NJ’s plastic bag ban starts today. Tips to know before you go to the store.

New Jersey’s plastic bag ban is officially in effect.

As of Wednesday, May 4, single-use plastic bags are banned at all store registers, and paper bags at large grocery stores. The bill to ban bags and other single-use plastic items was signed into law in November 2020, but it gave stores and consumers 18 months to prepare.

The ban is likely to be the strictest in the nation, as it’s the only one that bans paper bags at grocery stores (most other states with bag bans allow for paper bags, either for free or for a nominal fee). The ban also includes polystyrene products and limits when straws can be handed out.

The new rules will surely take some time to get used to, but the basic information you need to know is all right here.

What types of bags are banned?

All stores are banned from giving out or selling single-use plastic bags when you check out. Paper bags are banned at grocery stores, but non-grocery and retail stores can still provide paper them. It will be fine for a clothing retailer or small bodega to hand over your purchase in a paper bag.

Produce bags, bags used to package meat or dry cleaning, and a few other exceptions remain.

Read More: Garbage, produce, pet waste bags still OK when new law starts

So what do I do when I go to the grocery store?

Bring your own reusable bags, be prepared to buy some at the register or plan to carry out your purchase without a bag. You can always wheel your purchased items out to the car and put them directly in the trunk.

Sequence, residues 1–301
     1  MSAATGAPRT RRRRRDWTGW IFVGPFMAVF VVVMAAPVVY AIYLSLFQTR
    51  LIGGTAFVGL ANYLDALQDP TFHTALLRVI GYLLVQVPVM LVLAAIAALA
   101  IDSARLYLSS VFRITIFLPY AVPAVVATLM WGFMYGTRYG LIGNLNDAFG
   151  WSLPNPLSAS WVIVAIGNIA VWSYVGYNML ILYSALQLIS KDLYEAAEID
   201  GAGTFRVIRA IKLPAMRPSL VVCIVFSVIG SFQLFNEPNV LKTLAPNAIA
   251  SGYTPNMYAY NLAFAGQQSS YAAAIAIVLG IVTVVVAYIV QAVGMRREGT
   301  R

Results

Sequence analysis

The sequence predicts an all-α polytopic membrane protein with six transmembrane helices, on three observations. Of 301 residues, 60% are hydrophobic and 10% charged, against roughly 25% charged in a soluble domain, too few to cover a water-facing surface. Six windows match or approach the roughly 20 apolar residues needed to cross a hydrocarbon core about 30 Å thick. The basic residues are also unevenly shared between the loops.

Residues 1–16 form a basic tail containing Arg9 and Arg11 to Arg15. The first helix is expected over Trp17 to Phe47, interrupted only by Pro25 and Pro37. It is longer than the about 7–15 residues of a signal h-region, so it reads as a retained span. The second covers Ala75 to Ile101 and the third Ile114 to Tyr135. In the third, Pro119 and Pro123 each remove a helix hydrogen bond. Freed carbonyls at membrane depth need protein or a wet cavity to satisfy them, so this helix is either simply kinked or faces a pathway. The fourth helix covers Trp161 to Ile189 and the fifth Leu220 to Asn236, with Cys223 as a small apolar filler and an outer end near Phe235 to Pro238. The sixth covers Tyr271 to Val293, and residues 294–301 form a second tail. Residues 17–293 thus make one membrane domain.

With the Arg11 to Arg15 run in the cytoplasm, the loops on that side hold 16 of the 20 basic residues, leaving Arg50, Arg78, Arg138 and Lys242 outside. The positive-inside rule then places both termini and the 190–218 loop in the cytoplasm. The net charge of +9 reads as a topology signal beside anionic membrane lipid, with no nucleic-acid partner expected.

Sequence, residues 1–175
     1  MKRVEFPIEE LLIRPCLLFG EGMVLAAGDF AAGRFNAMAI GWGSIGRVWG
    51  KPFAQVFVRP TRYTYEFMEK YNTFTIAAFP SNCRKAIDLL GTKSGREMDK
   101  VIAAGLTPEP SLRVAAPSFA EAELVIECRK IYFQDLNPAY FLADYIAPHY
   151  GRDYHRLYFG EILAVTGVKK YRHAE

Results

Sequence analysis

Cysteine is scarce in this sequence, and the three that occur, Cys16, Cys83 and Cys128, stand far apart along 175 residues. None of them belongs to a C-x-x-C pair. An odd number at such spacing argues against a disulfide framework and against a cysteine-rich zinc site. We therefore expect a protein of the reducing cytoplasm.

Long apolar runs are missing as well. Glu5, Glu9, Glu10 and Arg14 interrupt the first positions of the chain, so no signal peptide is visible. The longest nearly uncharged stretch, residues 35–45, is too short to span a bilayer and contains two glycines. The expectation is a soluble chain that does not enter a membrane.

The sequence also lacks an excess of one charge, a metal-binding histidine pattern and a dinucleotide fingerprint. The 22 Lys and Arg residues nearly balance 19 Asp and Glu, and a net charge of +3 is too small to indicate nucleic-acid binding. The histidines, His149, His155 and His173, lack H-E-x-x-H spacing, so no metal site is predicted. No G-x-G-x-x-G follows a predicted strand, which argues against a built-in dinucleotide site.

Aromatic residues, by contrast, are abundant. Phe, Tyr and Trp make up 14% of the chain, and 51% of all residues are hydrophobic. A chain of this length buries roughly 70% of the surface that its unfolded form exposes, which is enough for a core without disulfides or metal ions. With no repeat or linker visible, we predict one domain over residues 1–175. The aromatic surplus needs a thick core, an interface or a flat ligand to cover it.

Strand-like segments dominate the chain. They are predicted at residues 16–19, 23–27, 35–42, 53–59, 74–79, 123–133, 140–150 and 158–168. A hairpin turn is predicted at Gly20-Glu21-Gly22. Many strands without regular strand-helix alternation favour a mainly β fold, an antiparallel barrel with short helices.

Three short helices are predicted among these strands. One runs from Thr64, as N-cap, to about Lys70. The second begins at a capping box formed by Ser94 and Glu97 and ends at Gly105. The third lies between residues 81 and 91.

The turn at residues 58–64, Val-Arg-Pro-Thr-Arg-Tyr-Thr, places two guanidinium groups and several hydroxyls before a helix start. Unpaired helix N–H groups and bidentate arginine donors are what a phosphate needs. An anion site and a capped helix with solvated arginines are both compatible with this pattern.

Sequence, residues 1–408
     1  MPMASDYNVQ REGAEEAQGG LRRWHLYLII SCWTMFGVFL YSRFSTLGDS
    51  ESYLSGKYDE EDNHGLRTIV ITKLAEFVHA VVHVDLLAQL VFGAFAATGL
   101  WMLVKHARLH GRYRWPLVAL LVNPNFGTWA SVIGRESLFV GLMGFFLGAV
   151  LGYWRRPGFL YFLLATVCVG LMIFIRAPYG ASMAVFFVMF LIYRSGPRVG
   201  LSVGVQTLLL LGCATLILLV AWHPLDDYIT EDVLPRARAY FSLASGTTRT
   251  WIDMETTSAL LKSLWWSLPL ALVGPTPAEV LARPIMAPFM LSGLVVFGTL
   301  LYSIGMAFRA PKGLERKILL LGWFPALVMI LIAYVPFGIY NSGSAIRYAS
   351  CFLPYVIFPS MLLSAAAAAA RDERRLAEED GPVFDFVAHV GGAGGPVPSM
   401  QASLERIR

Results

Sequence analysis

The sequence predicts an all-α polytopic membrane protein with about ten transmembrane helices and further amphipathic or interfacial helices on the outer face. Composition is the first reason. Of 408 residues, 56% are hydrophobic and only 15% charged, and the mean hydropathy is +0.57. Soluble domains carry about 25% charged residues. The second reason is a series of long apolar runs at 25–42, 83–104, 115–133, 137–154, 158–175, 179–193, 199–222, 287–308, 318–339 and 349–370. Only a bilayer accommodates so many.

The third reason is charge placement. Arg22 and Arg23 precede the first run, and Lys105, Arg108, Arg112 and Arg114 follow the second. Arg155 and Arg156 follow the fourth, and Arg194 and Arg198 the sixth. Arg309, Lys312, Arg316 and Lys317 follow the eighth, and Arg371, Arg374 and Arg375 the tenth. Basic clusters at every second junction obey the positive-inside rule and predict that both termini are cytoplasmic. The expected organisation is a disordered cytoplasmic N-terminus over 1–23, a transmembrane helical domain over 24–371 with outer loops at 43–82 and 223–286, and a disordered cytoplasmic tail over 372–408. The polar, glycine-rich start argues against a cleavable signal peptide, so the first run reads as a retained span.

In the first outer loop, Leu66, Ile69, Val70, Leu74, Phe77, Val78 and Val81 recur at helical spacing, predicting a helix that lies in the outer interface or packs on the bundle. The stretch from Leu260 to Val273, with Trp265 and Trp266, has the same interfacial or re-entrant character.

Stores cannot require customers to purchase a reusable bag.

Also, if you are like most people and have stockpiled a bunch of those single-use bags or paper bags, you can still bring those to be used at the checkout if you want. The idea here is to get people to reduce their plastic consumption.

Read More: Why are grocery stores banned from using paper bags?

What qualifies as a reusable bag?

To be considered a reusable bag, the bag must have handles, be made of some kind of washable fabric, and withstand 125 uses and multiple washes.

Anything made of plastic, regardless of thickness, is not considered reusable.

But the law applies to what stores can give you. It does not apply to what you can bring. If you have an entire kitchen cabinet filled with plastic bags, you’re a-OK to keep using them.

Read More: How to keep your reusable bags clean

How is this going to affect my shop-from-home grocery order?

Most grocery stores in New Jersey told NJ Advance Media they plan on distributing a new set of reusable bags with every online order. Most stores will implement new fees to cover the bags, while one (Whole Foods) told NJ Advance Media it’ll be rolled into their existing fees.

Some stores, like Walmart and Target, said they will not be using any type of bag when you come to pick up your order.

And for customers concerned with having too many reusable bags, some grocery chains are working on setting up a bag return program, so any unwanted bags can be donated to food pantries.